Second-quarter Dutch economic growth adjusted upward
- 2015Q2 growth adjusted upwards to 0.2%
- Strong export growth in recent months
- Consumer spending weak
- Inflation falling sharply
In its second estimate, Statistics Netherlands (CBS) has made an upward adjustment for Dutch economic growth in the second quarter of 2015 from 0.1% to 0.2%. The increase reflects higher growth in various spending components, particularly housing investment, exports and imports. The differences in the GDP data are relatively small and our picture of the Dutch economy therefore remains unchanged.
Thanks to increasing domestic spending, we expect to see broad-based economic growth in 2015 and 2016 (see table 1 for our Key Figures). That said, possible international developments could pose a downward threat to growth, such as a further slowdown in China's growth. (For more information about our growth expectations for the Dutch economy, see our Economic Quarterly).
Export growth continues
Dutch exports rose sharply in June, by 2.0% m-o-m (seasonally adjusted). Consequently, there was a further increase in momentum (growth of the three-month average) (Figure 1). These developments are in line with our expectations, and we anticipate a further rise in exports during the coming months. The euro is still relatively cheap vis à vis the currencies of our main trading partners outside the eurozone. Moreover, further growth within the eurozone will ensure additional export growth from the Netherlands to this region.
Dutch manufacturing output declined by 0.4% in July, with momentum weakening further. Manufacturing output has been disappointingly weak in recent quarters. The Dutch manufacturing PMI fell to 53 in September, following on an earlier sharp drop in August. Although this decline is an indication of a future slowdown in manufacturing output growth, the PMI is still well above 50, which points to future growth (figure 2).
Weak development in consumer spending
Private consumer spending contracted in July by 0.5% compared to the previous month. Momentum likewise remained very weak (figure 3). The consumption data of recent months are weaker than we had expected, because most factors point to stronger consumption growth. For example, real disposable household income is rising relatively sharply thanks to a combination of lower inflation, higher wage growth and increasing employment.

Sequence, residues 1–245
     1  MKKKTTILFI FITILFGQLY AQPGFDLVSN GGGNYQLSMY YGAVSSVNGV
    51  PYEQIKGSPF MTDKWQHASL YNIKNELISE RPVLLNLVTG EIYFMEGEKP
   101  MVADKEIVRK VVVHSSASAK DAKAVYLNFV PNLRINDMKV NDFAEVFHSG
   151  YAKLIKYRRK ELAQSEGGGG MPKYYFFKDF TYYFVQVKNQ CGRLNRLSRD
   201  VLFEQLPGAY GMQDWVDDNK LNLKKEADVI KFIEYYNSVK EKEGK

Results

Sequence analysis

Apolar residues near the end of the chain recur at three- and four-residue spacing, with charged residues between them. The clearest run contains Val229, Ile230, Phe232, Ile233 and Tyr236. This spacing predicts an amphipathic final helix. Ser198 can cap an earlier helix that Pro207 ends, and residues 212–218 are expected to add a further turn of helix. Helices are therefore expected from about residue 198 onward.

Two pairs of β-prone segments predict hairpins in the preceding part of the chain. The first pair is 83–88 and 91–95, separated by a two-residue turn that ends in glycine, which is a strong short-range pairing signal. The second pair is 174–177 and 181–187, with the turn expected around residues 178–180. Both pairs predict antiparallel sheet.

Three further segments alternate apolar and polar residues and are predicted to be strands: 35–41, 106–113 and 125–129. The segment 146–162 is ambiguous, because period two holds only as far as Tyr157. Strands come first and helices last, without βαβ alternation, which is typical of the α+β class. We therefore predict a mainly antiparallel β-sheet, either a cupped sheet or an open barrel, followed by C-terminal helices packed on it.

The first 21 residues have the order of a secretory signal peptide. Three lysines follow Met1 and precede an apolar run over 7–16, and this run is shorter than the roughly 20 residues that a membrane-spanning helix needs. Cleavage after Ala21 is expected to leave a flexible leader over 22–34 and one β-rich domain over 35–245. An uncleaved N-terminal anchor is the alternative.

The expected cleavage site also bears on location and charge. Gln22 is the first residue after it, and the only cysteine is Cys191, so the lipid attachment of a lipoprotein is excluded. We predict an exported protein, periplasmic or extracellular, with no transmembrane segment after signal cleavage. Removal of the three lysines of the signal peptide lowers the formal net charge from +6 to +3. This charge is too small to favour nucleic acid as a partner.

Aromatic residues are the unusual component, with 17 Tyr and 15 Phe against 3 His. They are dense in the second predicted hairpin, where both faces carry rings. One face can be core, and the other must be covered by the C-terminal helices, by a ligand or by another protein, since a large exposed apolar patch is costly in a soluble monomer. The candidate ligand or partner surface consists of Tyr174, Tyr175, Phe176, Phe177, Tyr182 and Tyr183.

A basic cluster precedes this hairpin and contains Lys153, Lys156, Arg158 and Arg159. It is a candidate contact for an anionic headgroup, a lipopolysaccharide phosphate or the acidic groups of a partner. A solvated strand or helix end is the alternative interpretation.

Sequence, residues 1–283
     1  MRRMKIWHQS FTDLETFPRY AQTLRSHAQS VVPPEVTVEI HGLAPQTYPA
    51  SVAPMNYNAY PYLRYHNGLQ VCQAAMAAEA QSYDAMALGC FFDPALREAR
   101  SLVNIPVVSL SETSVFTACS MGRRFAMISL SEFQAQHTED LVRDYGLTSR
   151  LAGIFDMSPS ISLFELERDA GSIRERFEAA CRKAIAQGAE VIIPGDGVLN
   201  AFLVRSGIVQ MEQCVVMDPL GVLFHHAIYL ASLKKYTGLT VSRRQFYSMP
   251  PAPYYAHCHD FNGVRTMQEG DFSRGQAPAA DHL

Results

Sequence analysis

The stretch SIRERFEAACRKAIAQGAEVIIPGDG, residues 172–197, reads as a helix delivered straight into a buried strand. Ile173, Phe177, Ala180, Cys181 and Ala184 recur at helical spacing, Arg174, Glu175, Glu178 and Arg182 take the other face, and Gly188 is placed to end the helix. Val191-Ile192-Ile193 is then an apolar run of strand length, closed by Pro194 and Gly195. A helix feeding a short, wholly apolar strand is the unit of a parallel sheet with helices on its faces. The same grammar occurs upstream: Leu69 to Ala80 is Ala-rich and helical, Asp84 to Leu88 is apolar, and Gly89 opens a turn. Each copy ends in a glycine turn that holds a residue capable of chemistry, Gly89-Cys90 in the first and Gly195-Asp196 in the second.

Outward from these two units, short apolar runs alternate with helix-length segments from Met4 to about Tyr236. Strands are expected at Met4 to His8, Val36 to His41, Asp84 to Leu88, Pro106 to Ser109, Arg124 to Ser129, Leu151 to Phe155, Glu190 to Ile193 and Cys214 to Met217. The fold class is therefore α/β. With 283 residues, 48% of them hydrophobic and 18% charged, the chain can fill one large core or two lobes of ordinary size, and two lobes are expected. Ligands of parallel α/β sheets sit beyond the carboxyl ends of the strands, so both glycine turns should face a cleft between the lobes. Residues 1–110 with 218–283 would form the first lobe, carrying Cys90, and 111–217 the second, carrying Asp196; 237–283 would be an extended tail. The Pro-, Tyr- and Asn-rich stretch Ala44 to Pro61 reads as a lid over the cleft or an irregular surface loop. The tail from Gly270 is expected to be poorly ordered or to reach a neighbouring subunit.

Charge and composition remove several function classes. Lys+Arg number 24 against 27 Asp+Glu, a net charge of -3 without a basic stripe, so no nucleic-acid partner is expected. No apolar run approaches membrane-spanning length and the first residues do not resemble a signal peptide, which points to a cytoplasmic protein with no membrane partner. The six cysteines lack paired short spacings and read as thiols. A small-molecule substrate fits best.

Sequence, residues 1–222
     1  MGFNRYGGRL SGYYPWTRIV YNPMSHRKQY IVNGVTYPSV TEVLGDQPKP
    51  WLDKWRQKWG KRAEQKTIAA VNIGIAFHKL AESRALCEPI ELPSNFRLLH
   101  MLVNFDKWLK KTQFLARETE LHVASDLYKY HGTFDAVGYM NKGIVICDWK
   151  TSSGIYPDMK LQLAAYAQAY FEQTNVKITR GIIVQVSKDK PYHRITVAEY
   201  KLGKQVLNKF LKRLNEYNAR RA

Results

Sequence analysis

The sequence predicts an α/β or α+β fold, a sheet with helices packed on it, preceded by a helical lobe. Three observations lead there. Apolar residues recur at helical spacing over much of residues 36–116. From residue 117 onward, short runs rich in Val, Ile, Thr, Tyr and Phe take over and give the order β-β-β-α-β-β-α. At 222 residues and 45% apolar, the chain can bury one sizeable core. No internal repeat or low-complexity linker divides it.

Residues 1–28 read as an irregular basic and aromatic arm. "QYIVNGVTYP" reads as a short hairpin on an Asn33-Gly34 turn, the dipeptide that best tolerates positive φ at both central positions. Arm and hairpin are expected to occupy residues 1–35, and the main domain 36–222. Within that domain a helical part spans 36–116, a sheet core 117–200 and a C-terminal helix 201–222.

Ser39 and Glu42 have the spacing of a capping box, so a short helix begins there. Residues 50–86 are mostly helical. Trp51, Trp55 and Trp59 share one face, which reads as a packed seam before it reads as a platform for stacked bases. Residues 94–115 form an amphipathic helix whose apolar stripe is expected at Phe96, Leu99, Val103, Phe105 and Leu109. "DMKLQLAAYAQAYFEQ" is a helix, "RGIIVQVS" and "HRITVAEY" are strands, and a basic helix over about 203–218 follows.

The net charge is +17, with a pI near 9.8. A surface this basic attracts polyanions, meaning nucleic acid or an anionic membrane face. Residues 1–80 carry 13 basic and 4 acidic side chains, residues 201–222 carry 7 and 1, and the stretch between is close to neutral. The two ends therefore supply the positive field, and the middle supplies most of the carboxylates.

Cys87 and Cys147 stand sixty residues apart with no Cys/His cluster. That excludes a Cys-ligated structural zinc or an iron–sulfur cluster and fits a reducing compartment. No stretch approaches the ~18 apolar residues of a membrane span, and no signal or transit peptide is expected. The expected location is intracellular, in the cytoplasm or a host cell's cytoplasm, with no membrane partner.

The relatively high consumer confidence is likewise a positive factor for household consumption. Although consumer confidence waned a little in September, the indicator remained positive, with respondents only showing less confidence in the general economic situation. However, the sub indicator spending willingness, which is a better predictor of future consumption, did rise and is now at its highest point in years (figure 4). It is partly for this reason that we expect to see a recovery in the growth of private consumption in the coming months.
Sharp fall in inflation
In August European HICP inflation declined to 0.4%, as against 0.8% in July (figure 5). The drop was chiefly caused by lower prices for clothing and fuel. Fuel prices were down by as much as 9.7% on last year - a direct consequence of lower oil prices.
Core inflation (inflation excluding food, energy and rents) fell from 0.9% to 0.5%. The fact that core inflation in the Netherlands is very low, as is the case in the rest of Europe, is an indication of the fragility of the economic recovery. Wage growth remains relatively low, on account of the high unemployment rate. In August, unemployment remained unchanged at 6.8%. In addition, companies are often unable to fully pass on higher purchasing costs to the consumer. We expect both inflation and core inflation to remain relatively low in the coming months, and to rise only gradually in 2016.